DMA Testifies in Opposition to Governor Spitzer's Proposal to Tax Out-Of-State Marketers
February 19, 2008 — In testimony submitted last week to both the New York State Senate Committee on Finance and New York State Assembly Committee on Ways and Means, the Direct Marketing Association (DMA) expressed strong opposition to Governor Eliot Spitzer’s recent legislative proposal requiring out-of-state marketers to begin collecting sales tax on deliveries made into New York, based merely on a link to the marketer’s website.
In his testimony, DMA Vice President for Government Affairs Mark Micali called the proposed law, “an unabashed attempt by New York State government to expand the reach of its tax system across state borders to businesses, which have no physical presence in the state.”
Commenting on the proposed state legislation, DMA Executive Vice President for Government Affairs and Corporate Responsibility Steven K. Berry noted that, “this legislation would violate the Interstate Commerce Clause of the Constitution.” Berry added, “the United States Supreme Court has been consistent and unwavering in holding that a state cannot impose sales tax collection obligations on out-of-state vendors — unless the vendor has a physical presence in the taxing state.”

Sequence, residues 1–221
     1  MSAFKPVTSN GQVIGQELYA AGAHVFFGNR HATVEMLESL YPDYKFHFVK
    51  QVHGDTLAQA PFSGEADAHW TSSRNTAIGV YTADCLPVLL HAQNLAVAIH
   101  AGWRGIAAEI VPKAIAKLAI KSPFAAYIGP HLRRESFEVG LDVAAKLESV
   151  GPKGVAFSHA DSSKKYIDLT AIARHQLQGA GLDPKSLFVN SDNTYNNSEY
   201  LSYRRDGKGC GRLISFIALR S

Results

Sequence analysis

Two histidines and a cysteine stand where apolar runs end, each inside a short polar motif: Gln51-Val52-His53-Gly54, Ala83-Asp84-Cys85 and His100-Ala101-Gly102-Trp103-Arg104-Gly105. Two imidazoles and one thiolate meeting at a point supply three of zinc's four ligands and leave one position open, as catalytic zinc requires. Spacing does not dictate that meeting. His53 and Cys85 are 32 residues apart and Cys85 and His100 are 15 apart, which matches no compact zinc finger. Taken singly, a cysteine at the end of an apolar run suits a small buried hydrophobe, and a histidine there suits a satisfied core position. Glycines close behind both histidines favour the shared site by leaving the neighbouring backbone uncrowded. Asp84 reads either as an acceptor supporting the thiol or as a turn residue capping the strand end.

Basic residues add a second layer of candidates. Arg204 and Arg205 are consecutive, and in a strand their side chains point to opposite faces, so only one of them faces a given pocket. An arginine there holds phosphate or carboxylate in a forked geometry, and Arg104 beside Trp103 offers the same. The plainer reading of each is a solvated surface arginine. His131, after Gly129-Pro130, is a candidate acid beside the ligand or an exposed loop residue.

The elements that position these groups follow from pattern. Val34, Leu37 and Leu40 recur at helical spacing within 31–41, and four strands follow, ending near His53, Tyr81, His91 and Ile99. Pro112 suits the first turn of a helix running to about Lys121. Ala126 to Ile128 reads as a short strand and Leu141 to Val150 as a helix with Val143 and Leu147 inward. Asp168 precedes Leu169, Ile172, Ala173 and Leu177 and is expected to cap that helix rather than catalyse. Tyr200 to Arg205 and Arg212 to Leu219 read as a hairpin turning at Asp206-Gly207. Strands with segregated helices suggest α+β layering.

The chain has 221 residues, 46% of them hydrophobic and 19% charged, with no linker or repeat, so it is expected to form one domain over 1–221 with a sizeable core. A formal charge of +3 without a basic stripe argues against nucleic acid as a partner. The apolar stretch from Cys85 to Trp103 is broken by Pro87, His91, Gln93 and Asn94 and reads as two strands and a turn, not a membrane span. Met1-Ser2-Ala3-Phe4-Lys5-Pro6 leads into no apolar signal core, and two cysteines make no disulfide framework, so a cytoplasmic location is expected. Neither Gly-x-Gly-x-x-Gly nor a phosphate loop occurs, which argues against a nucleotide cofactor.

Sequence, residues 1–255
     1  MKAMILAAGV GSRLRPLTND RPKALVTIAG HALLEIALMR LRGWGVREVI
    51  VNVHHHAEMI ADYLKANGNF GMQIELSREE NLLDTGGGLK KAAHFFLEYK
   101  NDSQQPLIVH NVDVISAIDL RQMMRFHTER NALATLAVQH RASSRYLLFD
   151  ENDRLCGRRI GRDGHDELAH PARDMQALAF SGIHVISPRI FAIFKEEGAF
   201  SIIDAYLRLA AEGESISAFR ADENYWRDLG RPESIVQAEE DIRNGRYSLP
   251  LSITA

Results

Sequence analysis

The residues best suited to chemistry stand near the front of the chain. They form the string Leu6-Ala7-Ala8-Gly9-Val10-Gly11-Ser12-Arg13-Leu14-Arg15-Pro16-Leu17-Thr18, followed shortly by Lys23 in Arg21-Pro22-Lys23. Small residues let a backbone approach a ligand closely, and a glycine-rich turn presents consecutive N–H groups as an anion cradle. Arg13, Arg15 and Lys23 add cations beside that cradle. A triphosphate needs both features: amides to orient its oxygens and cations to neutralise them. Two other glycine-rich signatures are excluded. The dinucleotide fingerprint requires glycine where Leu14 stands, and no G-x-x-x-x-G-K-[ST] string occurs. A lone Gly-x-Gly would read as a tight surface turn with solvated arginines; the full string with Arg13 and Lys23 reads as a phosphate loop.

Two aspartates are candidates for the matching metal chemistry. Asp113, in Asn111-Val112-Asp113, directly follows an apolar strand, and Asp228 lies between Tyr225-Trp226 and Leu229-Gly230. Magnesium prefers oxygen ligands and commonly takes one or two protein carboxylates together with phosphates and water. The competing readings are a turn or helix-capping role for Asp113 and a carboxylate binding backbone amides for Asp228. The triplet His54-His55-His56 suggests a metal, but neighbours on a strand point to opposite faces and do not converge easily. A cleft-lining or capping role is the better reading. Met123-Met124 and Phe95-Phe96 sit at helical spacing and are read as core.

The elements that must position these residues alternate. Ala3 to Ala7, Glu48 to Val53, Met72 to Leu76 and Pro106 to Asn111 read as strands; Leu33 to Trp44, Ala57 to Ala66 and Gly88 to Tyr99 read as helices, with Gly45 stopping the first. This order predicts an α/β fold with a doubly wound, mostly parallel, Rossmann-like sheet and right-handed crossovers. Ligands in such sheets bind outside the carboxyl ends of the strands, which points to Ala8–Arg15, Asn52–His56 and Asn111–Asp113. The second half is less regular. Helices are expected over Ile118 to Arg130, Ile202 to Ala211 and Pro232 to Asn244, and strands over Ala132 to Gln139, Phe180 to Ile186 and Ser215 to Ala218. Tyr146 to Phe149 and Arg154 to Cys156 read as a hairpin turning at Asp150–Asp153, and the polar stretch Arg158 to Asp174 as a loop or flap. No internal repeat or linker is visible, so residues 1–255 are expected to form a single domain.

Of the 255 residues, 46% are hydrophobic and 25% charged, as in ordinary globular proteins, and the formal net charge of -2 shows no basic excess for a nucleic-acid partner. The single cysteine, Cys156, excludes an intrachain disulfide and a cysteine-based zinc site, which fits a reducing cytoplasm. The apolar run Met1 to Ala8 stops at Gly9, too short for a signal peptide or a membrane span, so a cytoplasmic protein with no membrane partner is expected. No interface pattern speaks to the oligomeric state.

Given this legislation’s questionable constitutional status, the DMA testimony called upon the New York legislature to seek an advisory opinion from the New York Attorney General’s office regarding the constitutionality of this proposal before taking any action on this legislation.
DMA’s testimony also pointed out that New York has long benefited from being recognized as the undisputed center for advertising and marketing. Further, DMA said, New York promotes itself as a hub of a sophisticated network of business relationships that are central to the growth of e-commerce. Accordingly, DMA’s Micali concluded his testimony by noting that adoption of this legislation would be tantamount to New York “hanging out the ‘unwelcome’ sign to electronic commerce.”
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